Hey there — I’ve got a really cool concept and technique to share with you today.
It’s going to help when you encounter objections: CRIAC
So, this is a good negotiating technique. And I’ll be honest, I’m not a good negotiator. This helps.
Here are 2 examples of how it might go..
Let’s say you’re selling a deal, and the buyer says your price is too high…
The cushion would be: “You know what Jim, I understand.”
Then you restate, “You think the price is too high, right?” Then be quiet and listen.
So, you call them by name, acknowledge what they’re saying and restate what their objection is…and then let them say something.
Then, you isolate it, “Well, this is the price. Is the price the only reason that would stop you from making an offer?”
If he says yes, you say, “Well, if you could make an offer for a price that would work for you, would you be willing to write up a contract and make an offer today?”
If he answers yes, I close with, “Great. Here’s a contract. Let’s do it.”
The reason why I want an offer from the buyer is because I might be able to go back to the seller and renegotiate another price…
So this example was a wholesale deal. You have a property under contract with the seller and sometimes the buyer says they’re not interested in the deal. But you’ve got to dig in and find out why. If the price is too high, it’s much easier to go back to a seller and renegotiate.
Okay, let’s look at an example when I’m making an offer to a seller…
I’m making a cash offer, and it’s too low. The seller says, “No, I can’t do that. Your offer is too low.”
I say, “Okay, Susie, I understand. I hear you. My offer is too low. Is that the only reason why you won’t take my offer? (She says yes.) So, if I made an offer for a price that would work for you, would you be willing to sign a contract today?”
So, I’m just trying to isolate and get an answer like this: “Well, Joe, if you made me a better offer for the price that would work for me, yeah, I would sign a contract today.”
I say, “Okay, that’s awesome. So, I don’t know if this will work for you or not… let me ask you a question. If I could get you that price with seller financing or a lease option, you probably wouldn’t be interested in hearing more about that, would you?”
I might even ask this other question: “So, let me ask you something. You really need this price. What are you going to do if you can’t sell it for that price? Are you going to rent it out?”
See how I’m opening up a new loop to figure out? They probably haven’t been asked those questions before.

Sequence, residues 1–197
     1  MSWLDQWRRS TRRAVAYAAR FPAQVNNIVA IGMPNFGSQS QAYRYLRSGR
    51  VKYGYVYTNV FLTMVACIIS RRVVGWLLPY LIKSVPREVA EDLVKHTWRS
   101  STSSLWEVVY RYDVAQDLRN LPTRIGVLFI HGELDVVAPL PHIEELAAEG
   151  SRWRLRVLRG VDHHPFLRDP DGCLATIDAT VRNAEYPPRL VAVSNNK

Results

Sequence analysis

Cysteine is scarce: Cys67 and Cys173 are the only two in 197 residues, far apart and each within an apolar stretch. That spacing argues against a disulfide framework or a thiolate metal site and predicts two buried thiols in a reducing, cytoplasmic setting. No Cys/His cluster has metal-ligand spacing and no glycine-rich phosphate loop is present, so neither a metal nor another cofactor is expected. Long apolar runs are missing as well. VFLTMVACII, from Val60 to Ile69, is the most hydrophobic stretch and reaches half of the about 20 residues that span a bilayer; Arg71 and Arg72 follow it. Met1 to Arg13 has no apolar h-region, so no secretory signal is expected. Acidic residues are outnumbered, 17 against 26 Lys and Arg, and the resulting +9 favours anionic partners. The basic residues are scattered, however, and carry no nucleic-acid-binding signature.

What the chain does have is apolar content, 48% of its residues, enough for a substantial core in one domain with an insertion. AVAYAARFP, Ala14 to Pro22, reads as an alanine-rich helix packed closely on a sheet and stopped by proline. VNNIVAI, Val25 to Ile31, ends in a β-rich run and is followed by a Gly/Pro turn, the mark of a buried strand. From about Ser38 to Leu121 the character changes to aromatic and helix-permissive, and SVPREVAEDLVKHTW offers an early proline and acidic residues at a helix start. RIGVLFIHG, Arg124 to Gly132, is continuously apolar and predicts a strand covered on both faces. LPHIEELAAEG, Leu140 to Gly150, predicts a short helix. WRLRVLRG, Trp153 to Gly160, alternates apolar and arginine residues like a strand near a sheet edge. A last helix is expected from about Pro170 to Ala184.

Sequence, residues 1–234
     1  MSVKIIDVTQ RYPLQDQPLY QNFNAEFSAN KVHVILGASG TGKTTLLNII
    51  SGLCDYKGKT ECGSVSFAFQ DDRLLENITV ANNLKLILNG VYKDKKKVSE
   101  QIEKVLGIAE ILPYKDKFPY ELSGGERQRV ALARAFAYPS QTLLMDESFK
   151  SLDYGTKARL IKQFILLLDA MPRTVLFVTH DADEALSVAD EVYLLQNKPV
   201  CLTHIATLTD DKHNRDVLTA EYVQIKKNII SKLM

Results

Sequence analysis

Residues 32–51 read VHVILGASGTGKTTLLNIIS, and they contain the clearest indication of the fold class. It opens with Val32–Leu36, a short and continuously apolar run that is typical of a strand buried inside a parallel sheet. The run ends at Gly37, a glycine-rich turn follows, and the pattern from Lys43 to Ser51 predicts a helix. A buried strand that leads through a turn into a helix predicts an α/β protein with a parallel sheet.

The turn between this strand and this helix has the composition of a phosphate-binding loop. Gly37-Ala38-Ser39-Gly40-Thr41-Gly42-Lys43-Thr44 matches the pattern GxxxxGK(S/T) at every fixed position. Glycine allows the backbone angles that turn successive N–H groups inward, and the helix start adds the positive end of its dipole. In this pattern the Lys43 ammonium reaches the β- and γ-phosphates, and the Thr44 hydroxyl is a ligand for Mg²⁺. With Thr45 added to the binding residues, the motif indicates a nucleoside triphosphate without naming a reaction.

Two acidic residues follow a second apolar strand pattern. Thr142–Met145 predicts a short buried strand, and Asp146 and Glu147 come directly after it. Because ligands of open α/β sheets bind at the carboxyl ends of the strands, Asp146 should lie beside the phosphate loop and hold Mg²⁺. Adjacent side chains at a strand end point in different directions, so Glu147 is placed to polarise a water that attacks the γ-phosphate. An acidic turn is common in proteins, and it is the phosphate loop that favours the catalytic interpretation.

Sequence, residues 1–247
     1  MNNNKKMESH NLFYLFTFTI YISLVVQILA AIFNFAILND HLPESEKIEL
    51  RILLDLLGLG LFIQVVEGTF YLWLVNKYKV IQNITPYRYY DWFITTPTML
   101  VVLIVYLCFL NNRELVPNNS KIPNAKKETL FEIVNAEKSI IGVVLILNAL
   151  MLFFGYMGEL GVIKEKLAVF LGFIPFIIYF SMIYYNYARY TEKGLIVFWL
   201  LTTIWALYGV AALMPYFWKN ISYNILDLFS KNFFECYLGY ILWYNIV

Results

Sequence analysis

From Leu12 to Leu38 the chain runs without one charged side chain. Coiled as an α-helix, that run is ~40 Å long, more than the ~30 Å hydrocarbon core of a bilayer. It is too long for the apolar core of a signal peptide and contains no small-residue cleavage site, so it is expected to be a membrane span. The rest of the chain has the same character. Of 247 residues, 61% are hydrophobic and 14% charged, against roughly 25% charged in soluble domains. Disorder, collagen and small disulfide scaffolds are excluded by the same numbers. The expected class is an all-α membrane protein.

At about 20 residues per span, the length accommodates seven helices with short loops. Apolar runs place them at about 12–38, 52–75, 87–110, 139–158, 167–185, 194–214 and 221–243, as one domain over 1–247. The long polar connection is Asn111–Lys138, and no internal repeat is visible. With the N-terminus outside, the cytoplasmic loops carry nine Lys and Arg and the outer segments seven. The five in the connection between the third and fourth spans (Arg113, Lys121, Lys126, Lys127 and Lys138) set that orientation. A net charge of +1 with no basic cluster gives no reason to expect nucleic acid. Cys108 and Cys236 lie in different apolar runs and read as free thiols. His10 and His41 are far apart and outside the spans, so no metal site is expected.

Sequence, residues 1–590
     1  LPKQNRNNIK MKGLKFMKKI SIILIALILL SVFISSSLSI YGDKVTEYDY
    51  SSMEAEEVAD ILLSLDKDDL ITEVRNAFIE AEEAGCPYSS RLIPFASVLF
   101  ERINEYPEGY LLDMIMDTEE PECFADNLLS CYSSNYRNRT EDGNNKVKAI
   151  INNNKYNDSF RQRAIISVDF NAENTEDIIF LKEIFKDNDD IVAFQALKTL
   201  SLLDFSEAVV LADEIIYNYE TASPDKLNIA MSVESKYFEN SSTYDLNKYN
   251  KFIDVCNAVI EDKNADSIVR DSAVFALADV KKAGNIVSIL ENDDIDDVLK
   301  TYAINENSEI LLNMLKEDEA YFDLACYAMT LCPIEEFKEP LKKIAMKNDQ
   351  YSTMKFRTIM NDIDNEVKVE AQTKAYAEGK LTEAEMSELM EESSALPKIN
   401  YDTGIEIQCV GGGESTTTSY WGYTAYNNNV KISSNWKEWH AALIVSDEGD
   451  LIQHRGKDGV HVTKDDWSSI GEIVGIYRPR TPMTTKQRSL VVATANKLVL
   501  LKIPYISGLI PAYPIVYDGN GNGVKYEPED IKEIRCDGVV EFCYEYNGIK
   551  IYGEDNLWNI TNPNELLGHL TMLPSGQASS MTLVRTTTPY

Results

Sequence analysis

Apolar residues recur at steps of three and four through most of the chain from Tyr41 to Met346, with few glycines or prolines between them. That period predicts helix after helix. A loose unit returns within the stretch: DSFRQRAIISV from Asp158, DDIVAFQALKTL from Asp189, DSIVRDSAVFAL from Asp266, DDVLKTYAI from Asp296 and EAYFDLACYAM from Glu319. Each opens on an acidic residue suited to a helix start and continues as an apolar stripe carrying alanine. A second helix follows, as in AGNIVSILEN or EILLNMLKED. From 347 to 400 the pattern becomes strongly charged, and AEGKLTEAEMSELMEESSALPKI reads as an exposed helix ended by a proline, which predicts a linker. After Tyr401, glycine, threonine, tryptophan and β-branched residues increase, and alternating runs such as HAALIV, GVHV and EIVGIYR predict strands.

So then a new objection from them might be, “Well, you know what, I don’t want to do a lease option. I just want to sell it.” And I might ask them, “Why is that?” They say, “I don’t want to be a long-distance landlord.”
So, here’s the cushion, “Okay, Susie, I understand your concern. You don’t want to be a long-distance landlord. You don’t want to deal with tenants that are 1,000 miles away, right? So, is that the only reason why you would not want to do a lease option or seller financing?”
Now, if she says no, there are other reasons… so you do the same process with each of those reasons.
But let’s say the only reason is that she doesn’t want to be a long-distance landlord — you say, “Okay, that’s the only reason. So, Susie, if I showed you a way that I could manage the property for you and you wouldn’t have to be a long-distance landlord, would you want to do business today?”
Or you could say, “If I showed you a way that I could manage the property for you and you won’t have to worry about it, what would you want to do then?”
Or this, “If I showed you a way where I could rent it from you and take care of all the maintenance and repairs, so you don’t even have to be a landlord, would you be open to that? Or would you rather deal with the tenant directly yourself?”
(BTW — I’m doing these deals virtually. Typically, when I’m negotiating a deal, I’m on the phone. I don’t like going to sellers’ houses, although it’s a good idea. But you can negotiate a lot of these things over the phone.)
If the seller says she might be interested in that, I close: “Great. Susie, I’m going to put together an agreement. I’ll just send it over to you so you can review it. Let me ask you something though, Susie. If I send you something and you do agree to the terms, would you be willing to sign it today? Let’s schedule a time to talk again today at 5:00pm or 6:00pm. What would be better for you?”
See, I want to get a commitment from them. I want them to say yes or no, and let them know it’s okay to say no. And I give them two options of when we can talk again later that day. I don’t ask them to give me a time. I tell them it’ll be later that day or first thing the next morning.
And that’s it. The more you use this technique, the easier it’ll become.
So remember: Call the buyer or seller by their name. And use CRIAC.
Cushion, Restate, Isolate, Answer, Close.